Barry Smith: Irrelativity |

Barry Smith: Irrelativity

Jordan Curet The Aspen Times
ALL | The Aspen Times

Whenever I do something – anything – I always feel like it’s really just a metaphor for the rest of my life.

For example, when I weed the garden, I feel like I’m “weeding” myself, pulling out and discarding things that I no longer wish to have around me so that my roots are free to reach deep into the ground. When I wash the dishes, I know that I’m really clearing away life’s debris, preparing the way for more nourishment. Making the bed is obviously representative of bidding farewell to the dreaming world and preparing for fully realized consciousness.

Everything is symbolic of something else. I just can’t help it. It’s not the worst mental condition one can have, but it does tend to make simple domestic chores take far longer than they need to.

And I can sometimes get a bit carried away with it and lose myself in a world of metaphor overload. This is what happened to me over the past weekend, when I finally got around to to the project of opening the windows in the upstairs bedroom. Judging by the coats of paint sealing these windows shut, they hadn’t been opened in about 50 years, so it was no small task. Luckily, I had the power of metaphor to keep me going.

To give you an idea of how swept away I can get by the Symbolism Express, I’ve broken it down for you. Below is a rundown of the window-opening project, fully exposing the gap between what was happening and what I was convinced was “really” happening.

What I think I’m doing: I am slicing through resistance. There are beliefs, actions and patterns in my life that have me stuck. In order to free myself from these ruts, I must sever certain ties with the past and pierce through the binding layers of repetition that are keeping me from moving forward.

What I’m actually doing: Cutting the old paint from around the windows with a razor knife.

• • • • 

What I think I’m doing: I am achieving perfect balance. Balance is active, not passive, and is gained through a series of steps, each taking you closer to the uppermost state of ultimate perfection.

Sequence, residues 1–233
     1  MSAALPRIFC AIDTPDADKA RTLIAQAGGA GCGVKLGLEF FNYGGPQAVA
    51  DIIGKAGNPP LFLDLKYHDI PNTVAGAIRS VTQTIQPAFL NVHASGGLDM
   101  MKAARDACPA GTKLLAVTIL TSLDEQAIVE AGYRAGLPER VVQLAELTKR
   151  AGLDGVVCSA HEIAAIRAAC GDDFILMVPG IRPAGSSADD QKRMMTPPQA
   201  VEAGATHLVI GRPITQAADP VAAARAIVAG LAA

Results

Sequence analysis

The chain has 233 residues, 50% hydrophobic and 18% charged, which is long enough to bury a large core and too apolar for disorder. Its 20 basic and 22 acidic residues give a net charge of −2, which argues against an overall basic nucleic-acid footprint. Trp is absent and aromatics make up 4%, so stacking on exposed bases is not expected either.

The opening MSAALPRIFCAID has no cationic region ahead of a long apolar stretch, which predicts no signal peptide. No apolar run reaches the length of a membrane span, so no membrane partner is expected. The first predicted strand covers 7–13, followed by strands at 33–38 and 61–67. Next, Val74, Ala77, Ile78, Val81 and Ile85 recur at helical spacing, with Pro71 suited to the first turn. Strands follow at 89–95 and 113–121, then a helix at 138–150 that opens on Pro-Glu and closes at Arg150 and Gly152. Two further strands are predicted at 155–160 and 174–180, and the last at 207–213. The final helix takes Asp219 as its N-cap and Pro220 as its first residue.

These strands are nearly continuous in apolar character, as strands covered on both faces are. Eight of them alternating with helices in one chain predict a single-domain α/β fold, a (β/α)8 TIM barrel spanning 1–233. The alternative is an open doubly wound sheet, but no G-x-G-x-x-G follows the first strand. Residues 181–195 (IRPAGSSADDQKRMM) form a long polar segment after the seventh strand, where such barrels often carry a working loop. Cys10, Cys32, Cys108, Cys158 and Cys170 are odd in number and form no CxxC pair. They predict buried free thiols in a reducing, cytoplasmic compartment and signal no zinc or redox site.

What I’m actually doing: Nervously climbing the ladder to cut the paint from the outside of the window, stopping just short of the step that claims not to actually be a step.

• • • •

What I think I’m doing: I am calling forth my inner strength. Sometimes force is necessary for change. Often, we can get so bogged down in ourselves that a large jolt is required to move things along. Progress isn’t always gentle and fun. If I’m serious about personal growth, I might need to put forth tremendous effort occasionally.

What I’m actually doing: Attempting to pry open the window with a crowbar.

• • • •

What I think I’m doing: I am eternally returning to the path. The way to enlightenment is lined on either side with discomfort. If you step off the path, you will feel the results. This is not a punishment but a reminder of no longer being on the path. When you deviate, the task is always to find a way back without getting mired in guilt or self-pity.

What I’m actually doing: Clutching my throbbing hand, the one that I’ve just accidentally smashed with the crowbar.

• • • •

What I think I’m doing: I am nourishing and replenishing my psyche. Expansion must be followed by contraction, exhale requires inhale, and so on.

What I’m actually doing: Taking a break, eating cookies and settling in for a mid-project nap. Metaphor is exhausting.

• • • •

What I think I’m doing: I am reducing the friction with which good things come to me.

What I’m actually doing: Rubbing a bar of soap on the sides of the window sill. It’s supposed to make it slide up and down easier. I read this online.

• • • •

What I think I’m doing: I am embracing the yin and yang of life. Perseverance is its own reward, so it’s crucial not to be attached to outcomes.

What I’m actually doing: Opening the window, finally, only to watch several dozen mosquitoes immediately fly into the house.

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